THE idea of a house being an investment, rather than simply a place to live, became popular during the 1980s.
Under the Right to Buy scheme, introduced by Margaret Thatcher, ordinary working class people were encouraged to save some of their hard earned money to buy their council houses and thus have a meaningful stake in the country’s future.
The British landscape has changed radically, and in more ways than one, since then, of course.
The start of the Millennium coincided with a boom in property prices that continued for the next seven or eight years until they hit a brick wall in the shape of the biggest global economic crash since the 30s.
Fourteen years ago you could pick up a three-bedroom ex-council house in leafy Roundhay for just £50,000, whereas today you’d get little change out of £125,000. When you factor in all those years of paying off the initial mortgage then that’s a tidy return – if you happened to be one of those who benefitted.
And here’s the rub, it worked out well if you happened to be in the right place at the right time. But many people missed out, while others have found themselves entrapped by negative equity having paid over the odds for a property just before the bubble burst.
The result of all this is that many 20 and 30-somethings in this country can’t afford to buy a house or a flat. But they aren’t alone. Increasing numbers of home buyers over the age of 40 are being denied mortgages because they are too old. New rules mean that lenders are now restricting loans to anyone who will still be paying off their mortgage by the time they retire.
Yet many people cannot afford to buy a home until they are 40 or even 50, say some of the largest lenders, and under a typical 25-year term, a 45 year-old borrower would be 70 before the loan was paid off.
The new rules – known as the Mortgage Market Review (MMR) – were introduced by the Financial Conduct Authority (FCA) in April this year, to enure that people could afford to pay back what they borrow.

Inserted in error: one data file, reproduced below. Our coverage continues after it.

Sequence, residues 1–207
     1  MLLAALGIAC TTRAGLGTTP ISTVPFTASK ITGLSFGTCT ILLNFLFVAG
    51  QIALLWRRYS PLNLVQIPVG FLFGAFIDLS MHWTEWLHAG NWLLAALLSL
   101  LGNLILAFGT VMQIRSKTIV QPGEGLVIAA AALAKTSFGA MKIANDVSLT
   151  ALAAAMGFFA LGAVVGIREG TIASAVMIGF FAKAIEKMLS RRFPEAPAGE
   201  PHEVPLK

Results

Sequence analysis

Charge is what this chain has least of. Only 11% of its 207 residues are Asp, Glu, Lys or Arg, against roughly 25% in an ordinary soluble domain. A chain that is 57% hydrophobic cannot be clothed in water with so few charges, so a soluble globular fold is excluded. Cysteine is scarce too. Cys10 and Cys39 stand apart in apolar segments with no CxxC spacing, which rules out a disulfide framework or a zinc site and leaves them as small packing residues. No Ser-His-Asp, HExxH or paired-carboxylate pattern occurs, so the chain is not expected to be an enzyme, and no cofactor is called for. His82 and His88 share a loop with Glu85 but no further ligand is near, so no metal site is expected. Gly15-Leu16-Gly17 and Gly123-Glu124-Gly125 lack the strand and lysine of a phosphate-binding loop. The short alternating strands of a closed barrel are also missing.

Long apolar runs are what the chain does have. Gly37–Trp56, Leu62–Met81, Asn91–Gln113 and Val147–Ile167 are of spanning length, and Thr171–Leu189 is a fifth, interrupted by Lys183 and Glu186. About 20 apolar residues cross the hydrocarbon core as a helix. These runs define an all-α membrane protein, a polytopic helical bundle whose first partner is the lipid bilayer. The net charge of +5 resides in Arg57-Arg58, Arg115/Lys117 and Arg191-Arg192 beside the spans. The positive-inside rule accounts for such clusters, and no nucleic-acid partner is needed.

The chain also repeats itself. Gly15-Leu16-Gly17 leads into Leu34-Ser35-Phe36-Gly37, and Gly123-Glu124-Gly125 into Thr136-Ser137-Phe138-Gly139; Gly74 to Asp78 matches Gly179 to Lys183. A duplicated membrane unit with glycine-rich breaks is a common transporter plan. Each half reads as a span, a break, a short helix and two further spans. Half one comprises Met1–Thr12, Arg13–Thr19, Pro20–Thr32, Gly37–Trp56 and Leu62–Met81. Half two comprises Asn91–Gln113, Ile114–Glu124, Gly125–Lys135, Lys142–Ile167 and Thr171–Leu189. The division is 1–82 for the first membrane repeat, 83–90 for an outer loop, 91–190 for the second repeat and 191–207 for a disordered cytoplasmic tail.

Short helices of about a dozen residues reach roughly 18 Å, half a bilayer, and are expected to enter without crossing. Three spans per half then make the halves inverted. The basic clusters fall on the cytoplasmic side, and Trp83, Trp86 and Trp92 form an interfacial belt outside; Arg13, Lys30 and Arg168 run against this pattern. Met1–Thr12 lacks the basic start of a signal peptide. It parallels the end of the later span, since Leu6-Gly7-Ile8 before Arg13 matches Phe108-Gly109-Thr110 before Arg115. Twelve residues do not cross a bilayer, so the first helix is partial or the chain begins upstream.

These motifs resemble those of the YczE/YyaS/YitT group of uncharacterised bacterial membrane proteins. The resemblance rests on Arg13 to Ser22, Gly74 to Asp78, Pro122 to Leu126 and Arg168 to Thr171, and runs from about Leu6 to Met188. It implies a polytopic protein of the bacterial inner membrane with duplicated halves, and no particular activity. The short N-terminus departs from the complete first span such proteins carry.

But a group of 24 banks and building societies, including Nationwide, Barclays and Santander, says the rules are preventing lenders offering mortgages to anyone who will retire before the loan is repaid.
Peter Williams, executive director of the Intermediary Mortgage Lenders Association (IMLA), which represents the 24 lenders, has called for the upcoming review of the MMR by the Financial Conduct Authority (FCA) to provide greater clarity.
“Uncertain pension incomes make it difficult for lenders to assess mortgage affordability in later life, and this may become even harder when the new pension freedoms take effect next year,” he says.
“To avoid a situation where regulation brings about the extinction of mortgage terms that stretch into retirement, we need clarity and confirmation about where the boundaries of responsible lending truly lie.
“Wherever possible, protecting consumers from themselves should not rule out options that would benefit them financially and meet an obvious need.
“Restricting access to mortgage credit is the right decision in some circumstances for the consumers’ long term security, but equally there are situations when a refusal to lend can prove to be to the borrower’s financial detriment.”
Which is why he wants to see the rules clarified. “We need to strike a balance and the FCA review will be vital so that an update to the MMR rules can iron out some of these creases.”
So although bricks and mortar are still viewed as a sound investment, the concern for some is that the goalposts have been changed.